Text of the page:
To print: Use your web browser's print feature. Close this window after printing.

HIV Infection in Health Professionals


Table of Contents


HIV Infection in Health Professionals

Health professionals are not considered at high risk for HIV infection, because they use protection (such as gloves, masks, and goggles) when dealing with blood or body fluids.

There probably isn't much risk of getting HIV if contaminated blood comes into contact with intact skin. But the risk may be higher if contaminated blood touches cut, scraped, or broken skin.

The degree of risk depends on:

If you are exposed to HIV on the job, talk with someone who specializes in treating HIV. He or she can help you weigh the pros and cons of treatment to reduce your chances of getting HIV. Treatment recommendations depend on how you were exposed and what you were exposed to. If you do have treatment, your treatment should start as soon as possible after exposure and no later than 72 hours after exposure.

Protect yourself from accidental exposure by disposing of sharp objects properly and wearing protective gloves, gowns, and eye and face protection. It is likely that work guidelines are available that will tell you what to do if you are exposed to HIV. The U.S. Centers for Disease Control and Prevention (CDC) recommends the following precautions:

  • Immediately following an exposure to blood:
  • Do not squeeze a puncture wound or cut, and do not wash the affected area with antiseptics or bleach.
  • Following any blood exposure:
  • For more information about testing and treatment after a job-related exposure to HIV, contact the CDC National Prevention Information Network at 1-800-458-5231 or National Institutes of Health (NIH) AIDSinfo at 1-800-HIV-0440 (1-800-448-0440).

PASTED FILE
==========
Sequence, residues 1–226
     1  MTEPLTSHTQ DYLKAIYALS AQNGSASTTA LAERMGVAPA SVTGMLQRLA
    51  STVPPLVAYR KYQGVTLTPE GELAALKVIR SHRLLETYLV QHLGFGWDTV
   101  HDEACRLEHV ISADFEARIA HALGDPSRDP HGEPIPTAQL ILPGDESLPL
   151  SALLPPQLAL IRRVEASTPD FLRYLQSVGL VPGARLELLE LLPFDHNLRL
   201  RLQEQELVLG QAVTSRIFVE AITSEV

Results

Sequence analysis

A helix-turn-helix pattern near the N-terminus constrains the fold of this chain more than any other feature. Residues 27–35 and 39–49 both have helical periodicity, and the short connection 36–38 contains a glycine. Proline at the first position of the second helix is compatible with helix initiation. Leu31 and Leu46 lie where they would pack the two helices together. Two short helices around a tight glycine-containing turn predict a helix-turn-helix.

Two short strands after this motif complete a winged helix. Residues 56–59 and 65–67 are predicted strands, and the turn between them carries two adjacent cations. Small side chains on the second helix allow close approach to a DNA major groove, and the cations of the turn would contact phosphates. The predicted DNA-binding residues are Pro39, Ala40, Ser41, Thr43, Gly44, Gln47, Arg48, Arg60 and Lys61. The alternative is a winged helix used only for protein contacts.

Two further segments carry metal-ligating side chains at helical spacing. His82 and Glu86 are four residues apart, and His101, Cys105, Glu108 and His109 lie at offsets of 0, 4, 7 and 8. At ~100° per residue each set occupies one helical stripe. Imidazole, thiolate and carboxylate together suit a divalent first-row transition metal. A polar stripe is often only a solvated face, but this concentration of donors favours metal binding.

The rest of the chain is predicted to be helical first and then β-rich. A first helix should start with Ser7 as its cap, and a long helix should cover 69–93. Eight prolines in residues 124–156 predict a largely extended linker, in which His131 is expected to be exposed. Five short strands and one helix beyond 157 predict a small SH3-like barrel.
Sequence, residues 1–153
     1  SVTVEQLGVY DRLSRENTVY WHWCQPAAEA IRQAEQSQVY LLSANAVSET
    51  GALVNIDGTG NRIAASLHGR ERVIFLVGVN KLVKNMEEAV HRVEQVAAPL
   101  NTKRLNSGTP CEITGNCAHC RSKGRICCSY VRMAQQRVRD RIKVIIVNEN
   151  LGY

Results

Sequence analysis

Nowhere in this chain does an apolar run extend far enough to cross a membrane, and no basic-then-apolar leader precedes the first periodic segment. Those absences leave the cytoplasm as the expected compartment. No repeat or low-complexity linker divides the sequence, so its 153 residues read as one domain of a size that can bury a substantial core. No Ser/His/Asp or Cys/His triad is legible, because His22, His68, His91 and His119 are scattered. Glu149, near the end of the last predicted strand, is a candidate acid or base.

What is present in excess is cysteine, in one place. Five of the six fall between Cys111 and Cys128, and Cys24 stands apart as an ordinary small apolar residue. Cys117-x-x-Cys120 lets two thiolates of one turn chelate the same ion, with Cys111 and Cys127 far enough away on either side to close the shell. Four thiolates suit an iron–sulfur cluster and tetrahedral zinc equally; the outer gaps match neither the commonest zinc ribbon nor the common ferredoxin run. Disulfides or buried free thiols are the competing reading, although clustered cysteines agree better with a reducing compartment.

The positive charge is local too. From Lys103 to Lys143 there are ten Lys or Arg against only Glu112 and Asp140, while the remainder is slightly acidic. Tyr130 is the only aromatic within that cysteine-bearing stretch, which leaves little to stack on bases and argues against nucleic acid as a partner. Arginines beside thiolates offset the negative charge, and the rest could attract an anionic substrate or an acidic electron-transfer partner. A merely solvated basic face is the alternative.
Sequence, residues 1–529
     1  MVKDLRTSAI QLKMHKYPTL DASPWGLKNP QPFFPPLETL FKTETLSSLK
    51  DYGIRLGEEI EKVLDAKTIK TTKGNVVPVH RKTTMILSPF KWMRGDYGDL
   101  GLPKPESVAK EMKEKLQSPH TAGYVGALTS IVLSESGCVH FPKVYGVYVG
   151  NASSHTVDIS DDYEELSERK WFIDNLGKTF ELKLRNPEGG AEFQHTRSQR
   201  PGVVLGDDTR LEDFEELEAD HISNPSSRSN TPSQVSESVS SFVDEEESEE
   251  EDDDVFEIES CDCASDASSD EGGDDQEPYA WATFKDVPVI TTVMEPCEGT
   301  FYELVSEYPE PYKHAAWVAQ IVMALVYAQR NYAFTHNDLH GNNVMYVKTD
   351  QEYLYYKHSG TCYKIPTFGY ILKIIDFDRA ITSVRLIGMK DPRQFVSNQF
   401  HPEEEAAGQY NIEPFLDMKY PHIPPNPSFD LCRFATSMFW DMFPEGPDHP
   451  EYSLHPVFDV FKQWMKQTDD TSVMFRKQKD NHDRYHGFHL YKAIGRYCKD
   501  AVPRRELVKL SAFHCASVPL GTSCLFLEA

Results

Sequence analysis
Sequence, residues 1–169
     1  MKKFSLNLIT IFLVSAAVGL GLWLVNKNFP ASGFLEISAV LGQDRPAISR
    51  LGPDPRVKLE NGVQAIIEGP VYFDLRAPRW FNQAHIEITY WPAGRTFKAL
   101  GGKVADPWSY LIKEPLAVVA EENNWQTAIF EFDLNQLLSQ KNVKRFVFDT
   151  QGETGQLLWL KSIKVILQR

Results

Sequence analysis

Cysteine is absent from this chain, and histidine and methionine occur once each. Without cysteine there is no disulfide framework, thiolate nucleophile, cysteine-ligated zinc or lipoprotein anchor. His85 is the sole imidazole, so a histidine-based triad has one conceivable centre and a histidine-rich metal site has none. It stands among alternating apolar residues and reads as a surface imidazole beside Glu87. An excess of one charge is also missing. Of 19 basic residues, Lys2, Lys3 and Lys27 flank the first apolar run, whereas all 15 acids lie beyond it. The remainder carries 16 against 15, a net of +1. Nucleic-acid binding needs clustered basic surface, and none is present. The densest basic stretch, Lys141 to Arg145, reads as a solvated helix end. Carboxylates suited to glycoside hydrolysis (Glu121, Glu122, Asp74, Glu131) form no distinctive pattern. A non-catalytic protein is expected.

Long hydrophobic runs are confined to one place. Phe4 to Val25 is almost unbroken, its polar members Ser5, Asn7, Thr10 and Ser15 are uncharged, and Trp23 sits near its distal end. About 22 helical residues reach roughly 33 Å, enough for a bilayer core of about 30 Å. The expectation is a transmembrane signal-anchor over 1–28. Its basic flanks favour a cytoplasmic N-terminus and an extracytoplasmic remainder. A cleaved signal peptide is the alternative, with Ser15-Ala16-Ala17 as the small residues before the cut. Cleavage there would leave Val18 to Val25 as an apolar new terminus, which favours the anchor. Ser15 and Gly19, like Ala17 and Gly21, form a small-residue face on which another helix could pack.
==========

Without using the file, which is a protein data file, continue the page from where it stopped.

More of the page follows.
References

    Citations

    1. Centers for Disease Control and Prevention (2005). Updated U.S. Public Health Services guidelines for the management of occupational exposures to HIV and recommendations for postexposure prophylaxis. MMWR, 50(RR-09): 1–17. Available online: http://www.cdc.gov/mmwr/preview/mmwrhtml/rr5409a1.htm.


    Credits for HIV Infection in Health Professionals

    By Healthwise Staff
    Primary Medical Reviewer E. Gregory Thompson, MD - Internal Medicine
    Specialist Medical Reviewer Peter Shalit, MD, PhD - Internal Medicine
    Last Revised April 5, 2012

    Note: The "printer friendly" document will not contain all the information available in the online document. Some information (e.g. cross-references to other topics, definitions or medical illustrations) is only available in the online version.

    © 1995-2014 Healthwise, Incorporated. Healthwise, Healthwise for every health decision, and the Healthwise logo are trademarks of Healthwise, Incorporated.This information does not replace the advice of a doctor. Healthwise, Incorporated disclaims any warranty or liability for your use of this information.